Yeah, I just felt like I didn’t have that one in me. I had some pretty clear ideas about how to do it a certain way and we worked through those ideas, and then they decided they wanted to go in a different direction with it and I didn’t feel the same sort of creative energy about that. If you don’t have great ideas, you should probably take your pen and go home.

 

Did that all happen in the last week when we heard about it?

Over the last couple weeks.

 

Are you still working on the Jack Ryan movie?

Yes, I was just in London for a week on that. We start shooting in less than two weeks, like a week and a half. Oh my God, no. Nine days.

 

You said “We start shooting,” are you going to be involved on the set too?

Well, I feel like we’re all part of a big Jack Ryan family.

 

Were you writing for Chris Pine in mind, or would you have written for Jack Ryan, whoever they might’ve cast?

I think Jack Ryan, because he’s a well established character who’s been the basis of several novels and movies, I knew Chris was going to play him so I was certainly talking to Chris and he had a great deal of input into the script, some really great ideas. But you’re trying to be true to a character that’s already been created and successful.

 

Was there any Tom Clancy book you were basing on?

No, this one is not based on a Clancy book. We made it up.

 

How hard is that to make up a Tom Clancy story, because he’s so specific and technical?

It’s hard. It’s very hard. This stuff is really difficult and it’s a very particular talent. A writer named Adam Cozad had come up with a very good idea for an international thriller which formed the basis of what this movie became. Then I continued to work with that.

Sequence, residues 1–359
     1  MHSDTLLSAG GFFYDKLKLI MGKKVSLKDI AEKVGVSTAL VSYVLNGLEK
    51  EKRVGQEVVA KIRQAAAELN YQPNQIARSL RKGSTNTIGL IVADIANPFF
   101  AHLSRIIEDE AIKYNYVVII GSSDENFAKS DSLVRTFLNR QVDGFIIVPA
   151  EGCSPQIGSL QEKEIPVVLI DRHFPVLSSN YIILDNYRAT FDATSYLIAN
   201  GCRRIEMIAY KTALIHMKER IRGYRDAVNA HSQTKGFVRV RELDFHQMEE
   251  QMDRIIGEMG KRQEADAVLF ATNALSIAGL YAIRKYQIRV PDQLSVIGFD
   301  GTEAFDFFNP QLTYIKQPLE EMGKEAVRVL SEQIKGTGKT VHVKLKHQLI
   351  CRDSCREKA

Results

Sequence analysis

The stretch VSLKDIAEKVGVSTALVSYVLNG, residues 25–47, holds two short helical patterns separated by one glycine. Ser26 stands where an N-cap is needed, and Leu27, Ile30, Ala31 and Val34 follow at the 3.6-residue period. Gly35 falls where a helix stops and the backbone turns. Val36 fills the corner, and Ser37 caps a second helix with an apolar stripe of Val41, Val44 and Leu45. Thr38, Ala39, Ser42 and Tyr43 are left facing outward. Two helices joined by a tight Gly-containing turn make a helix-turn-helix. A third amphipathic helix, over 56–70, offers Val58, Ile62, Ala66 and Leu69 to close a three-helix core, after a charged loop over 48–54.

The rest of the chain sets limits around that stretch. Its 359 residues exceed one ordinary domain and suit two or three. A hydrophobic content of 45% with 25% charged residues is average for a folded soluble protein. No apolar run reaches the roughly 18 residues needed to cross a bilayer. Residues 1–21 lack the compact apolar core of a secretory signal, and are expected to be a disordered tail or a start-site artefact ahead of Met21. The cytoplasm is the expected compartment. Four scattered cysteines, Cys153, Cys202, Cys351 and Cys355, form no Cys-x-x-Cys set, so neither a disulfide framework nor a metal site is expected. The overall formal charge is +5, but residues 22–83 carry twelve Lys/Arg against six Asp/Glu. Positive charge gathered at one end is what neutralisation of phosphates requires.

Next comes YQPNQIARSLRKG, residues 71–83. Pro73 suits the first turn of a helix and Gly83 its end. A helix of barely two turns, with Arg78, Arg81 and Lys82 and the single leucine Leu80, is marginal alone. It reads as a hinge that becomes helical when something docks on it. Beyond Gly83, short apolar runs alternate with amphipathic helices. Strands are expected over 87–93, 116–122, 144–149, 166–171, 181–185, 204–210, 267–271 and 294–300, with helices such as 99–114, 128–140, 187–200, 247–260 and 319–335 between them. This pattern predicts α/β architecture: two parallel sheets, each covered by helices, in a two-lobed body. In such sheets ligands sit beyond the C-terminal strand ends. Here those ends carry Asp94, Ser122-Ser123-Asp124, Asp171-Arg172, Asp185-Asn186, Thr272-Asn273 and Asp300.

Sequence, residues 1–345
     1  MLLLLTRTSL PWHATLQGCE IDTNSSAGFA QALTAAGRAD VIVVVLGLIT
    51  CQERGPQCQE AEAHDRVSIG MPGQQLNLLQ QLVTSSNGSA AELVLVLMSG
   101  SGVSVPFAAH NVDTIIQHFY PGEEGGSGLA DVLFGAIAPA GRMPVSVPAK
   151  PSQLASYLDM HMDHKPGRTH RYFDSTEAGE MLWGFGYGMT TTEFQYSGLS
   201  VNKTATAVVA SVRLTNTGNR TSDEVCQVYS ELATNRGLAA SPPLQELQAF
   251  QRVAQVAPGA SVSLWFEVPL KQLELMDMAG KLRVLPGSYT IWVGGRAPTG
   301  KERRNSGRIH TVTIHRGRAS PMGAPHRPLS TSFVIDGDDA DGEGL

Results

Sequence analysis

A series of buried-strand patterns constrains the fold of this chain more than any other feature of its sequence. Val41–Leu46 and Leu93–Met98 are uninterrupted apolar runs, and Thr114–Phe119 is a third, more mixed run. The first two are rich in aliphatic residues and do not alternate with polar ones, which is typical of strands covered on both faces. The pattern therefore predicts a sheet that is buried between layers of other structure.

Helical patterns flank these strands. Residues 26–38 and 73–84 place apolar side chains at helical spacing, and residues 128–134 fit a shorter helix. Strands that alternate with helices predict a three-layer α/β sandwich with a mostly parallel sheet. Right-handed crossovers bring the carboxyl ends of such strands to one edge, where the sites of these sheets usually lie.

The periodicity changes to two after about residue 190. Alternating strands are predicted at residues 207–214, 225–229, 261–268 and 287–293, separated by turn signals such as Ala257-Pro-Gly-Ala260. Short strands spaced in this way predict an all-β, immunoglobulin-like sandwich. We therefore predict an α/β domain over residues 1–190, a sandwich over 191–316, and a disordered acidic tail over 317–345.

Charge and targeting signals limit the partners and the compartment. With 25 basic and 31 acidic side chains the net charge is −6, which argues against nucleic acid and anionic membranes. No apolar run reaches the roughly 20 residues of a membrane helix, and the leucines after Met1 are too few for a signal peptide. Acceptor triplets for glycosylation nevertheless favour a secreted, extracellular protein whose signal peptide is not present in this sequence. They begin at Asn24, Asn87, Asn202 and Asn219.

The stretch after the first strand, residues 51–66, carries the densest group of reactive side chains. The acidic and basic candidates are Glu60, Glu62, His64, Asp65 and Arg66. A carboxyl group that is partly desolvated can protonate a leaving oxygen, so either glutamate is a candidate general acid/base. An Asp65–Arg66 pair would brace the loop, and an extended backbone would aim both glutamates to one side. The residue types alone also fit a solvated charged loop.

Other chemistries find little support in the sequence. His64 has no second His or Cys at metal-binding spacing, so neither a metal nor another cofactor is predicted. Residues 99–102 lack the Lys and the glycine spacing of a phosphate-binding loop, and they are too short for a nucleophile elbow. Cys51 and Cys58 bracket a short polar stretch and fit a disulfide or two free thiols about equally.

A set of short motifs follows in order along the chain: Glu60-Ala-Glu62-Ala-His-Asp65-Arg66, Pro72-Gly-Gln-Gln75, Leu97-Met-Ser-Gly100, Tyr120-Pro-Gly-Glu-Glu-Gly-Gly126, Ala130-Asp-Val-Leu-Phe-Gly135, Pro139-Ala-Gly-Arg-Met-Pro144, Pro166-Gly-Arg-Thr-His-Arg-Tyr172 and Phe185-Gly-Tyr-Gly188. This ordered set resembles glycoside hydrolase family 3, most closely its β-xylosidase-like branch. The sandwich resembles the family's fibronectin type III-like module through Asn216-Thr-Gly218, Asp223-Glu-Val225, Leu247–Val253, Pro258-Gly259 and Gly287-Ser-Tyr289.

What are your favorite movies?

Rosemary’s Baby is my favorite movie. Then the usual, nothing really surprising, the Godfather movies, Tootsie, Raiders of the Lost Ark.

 

All three Godfathers?

I think I’d lean more toward the first two.

 

Action movie-wise, you said Raiders.

Also Duel which was an inspiration for this movie in terms of an action movie, those were both big.

 

You wrote one of my favorite Die Hard in a Someplace Else movie, Toy Soldiers. Do you miss the Die Hard in a _____ genre?

I think they are coming back with it. Aren’t there a couple Die Hards in the White House coming? It was a fun easy way to pitch for about 20 years. Think how good that initial premise was. You can also do it with “in space.” Just add that, pick a classic for example. Pick any classic.

 

Rosemary’s Baby?

No, I mean a novel.

 

Gone with the Wind?

Okay, that’s a tough one. What about Moby Dick.

 

Okay, let’s do Moby Dick.

In space. You add in space, it’s immediately pitchable. Die Hard in Space, holy sh*t, look what you’ve just done. Oh no, that’s actually Alien. Oh well.

 

I hope you like this for Premium Rush. It’s Speed on a bike.

I like that, yeah. I’ll take that.

 

It’s a little bit meta because the original one-liner for Speed was “Die Hard on a bus.” So now by the transitive property, it’s Die Hard on a Bus on a Bike, but it’s not quite Die Hard so I thought it was more Speed.

That’s good, and it’s also the first time I’ve heard transitive property used in an interview.